Jesus drank the cup for us

Matthew continues,

‘Going a little farther, he fell with his face to the ground and prayed, “My Father, if it is possible, may this cup be taken from me. Yet not as I will, but as you will.”

John Stott wrote,

'...the cup from which he shrank...symbolised neither the physical pain of being flogged and crucified, nor the mental distress of being despised and rejected even by his own people, but rather the spiritual agony of bearing the sins of the world; in other words, of enduring the divine judgement which those sins deserved.'

C. J. Mahaney encourages those who use this account of Jesus in the Garden as a kind of pastoral balm to ensure that they do so in the right way. He writes,

Our suffering does not truly compare to His. Occasionally people speak of their “Gethsemane experience.” But you and I will never go through anything like what Jesus did at Gethsemane, and we’re respectful and wise never to refer to our experiences in those terms. You and I will never be given this cup to drink. Moreover, you and I have never been, and will never be, abandoned by God. I know sometimes it feels that He’s abandoned us; I’ve felt that way. But those are deceptive feelings, because the One who drank this cup says to you and me, “I will never leave you nor forsake you.” We may occasionally feel alone, but we never truly are alone. And yet His suffering does become the highest and best source of comfort in our own distress. For if He endured so much more than I’ll ever have to, then can’t He comfort me in my lesser suffering? Yes, absolutely.’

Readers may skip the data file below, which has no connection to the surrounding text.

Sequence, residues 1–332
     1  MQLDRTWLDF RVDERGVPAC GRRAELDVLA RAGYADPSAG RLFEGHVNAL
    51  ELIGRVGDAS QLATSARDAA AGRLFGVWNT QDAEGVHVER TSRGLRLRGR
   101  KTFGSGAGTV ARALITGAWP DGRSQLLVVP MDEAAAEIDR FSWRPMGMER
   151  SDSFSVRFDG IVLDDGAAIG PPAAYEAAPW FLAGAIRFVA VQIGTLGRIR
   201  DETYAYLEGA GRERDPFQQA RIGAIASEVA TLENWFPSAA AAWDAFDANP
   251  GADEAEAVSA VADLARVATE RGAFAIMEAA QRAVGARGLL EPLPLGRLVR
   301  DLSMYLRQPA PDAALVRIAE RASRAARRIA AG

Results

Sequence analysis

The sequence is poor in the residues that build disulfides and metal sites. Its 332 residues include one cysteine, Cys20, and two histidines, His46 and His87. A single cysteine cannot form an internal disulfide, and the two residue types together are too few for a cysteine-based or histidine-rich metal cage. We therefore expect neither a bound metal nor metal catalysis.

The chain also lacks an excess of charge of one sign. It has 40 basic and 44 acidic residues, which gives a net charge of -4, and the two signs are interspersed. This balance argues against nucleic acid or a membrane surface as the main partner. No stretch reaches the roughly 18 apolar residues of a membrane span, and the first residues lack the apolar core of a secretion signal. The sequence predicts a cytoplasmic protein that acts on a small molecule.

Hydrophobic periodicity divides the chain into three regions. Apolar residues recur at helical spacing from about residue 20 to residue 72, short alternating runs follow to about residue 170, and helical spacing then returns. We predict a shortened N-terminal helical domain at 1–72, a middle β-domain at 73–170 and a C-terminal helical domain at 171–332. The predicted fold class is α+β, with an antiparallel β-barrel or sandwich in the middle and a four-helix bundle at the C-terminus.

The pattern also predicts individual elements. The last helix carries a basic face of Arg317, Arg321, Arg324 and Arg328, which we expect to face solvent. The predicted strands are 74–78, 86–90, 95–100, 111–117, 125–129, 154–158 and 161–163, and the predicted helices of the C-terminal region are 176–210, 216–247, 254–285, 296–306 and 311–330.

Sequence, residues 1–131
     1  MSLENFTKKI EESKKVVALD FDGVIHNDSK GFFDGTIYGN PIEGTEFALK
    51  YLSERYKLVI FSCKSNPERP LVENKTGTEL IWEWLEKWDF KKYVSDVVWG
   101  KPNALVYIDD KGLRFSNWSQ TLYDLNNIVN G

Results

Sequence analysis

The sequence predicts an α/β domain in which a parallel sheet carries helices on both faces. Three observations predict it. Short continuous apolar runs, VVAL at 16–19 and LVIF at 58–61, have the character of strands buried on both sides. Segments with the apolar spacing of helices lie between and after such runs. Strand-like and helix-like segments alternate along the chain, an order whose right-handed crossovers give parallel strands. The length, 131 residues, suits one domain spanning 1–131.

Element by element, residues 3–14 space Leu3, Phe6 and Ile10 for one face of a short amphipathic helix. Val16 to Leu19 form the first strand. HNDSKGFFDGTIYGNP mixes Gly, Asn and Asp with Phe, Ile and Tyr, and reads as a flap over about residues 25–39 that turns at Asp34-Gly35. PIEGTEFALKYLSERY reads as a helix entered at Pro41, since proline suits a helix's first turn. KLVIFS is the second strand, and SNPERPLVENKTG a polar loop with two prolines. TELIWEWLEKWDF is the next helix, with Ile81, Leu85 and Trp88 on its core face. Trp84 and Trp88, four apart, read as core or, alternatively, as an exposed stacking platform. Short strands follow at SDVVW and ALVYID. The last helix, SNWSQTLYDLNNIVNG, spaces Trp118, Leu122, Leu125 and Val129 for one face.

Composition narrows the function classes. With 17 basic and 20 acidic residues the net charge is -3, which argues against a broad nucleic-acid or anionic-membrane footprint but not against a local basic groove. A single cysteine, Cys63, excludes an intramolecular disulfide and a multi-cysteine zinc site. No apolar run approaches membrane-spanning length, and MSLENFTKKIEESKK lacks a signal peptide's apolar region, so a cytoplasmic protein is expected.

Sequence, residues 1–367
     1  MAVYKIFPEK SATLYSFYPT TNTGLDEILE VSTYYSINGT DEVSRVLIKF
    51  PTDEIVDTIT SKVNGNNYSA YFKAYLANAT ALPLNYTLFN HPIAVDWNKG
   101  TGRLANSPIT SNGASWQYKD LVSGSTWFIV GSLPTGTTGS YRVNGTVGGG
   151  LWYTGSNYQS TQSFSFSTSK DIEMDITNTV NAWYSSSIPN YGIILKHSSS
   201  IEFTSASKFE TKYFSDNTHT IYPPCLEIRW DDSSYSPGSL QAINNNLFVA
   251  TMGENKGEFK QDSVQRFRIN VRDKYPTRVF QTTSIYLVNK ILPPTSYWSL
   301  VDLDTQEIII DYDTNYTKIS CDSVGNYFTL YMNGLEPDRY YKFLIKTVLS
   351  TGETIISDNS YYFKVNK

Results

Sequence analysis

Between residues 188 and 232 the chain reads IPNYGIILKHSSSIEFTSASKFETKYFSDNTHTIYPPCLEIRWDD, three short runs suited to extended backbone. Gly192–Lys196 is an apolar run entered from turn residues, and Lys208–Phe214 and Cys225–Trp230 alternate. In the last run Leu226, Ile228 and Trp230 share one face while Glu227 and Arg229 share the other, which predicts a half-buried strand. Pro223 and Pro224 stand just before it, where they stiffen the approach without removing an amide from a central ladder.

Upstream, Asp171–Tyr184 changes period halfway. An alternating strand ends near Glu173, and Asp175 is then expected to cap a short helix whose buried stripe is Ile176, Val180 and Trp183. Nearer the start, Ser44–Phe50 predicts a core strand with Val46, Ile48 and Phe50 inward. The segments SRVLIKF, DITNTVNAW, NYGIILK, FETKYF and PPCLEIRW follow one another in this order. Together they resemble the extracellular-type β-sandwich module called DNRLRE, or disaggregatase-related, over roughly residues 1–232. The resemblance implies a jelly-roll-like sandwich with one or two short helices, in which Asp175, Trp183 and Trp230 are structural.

In the Garden, Jesus is horrified at the prospect of taking the sin of the world upon Himself, which He describes as drinking a cup. Jesus drank the cup of God’s wrath for sin in our stead; the grace that we enjoy was not free, it cost Jesus everything!


We have peace and reconciliation, now and forever, because Jesus drank our cup! Jesus says

“come to me all the weary and burdened…all the thirsty (Matt. 11:28-30, Jn. 7:37-38).

The reason that He can give us the rest of forgiveness and the gift of His Spirit is because He was made ‘weary’ was ‘burdened’ was made ‘thirsty’ for us through his atoning death.

Do you see that you no longer need to fear separation from God? Do you see that no matter how dark the night, it is never the darkness of judgement, it is never the judgment of abandonment!

Jesus said,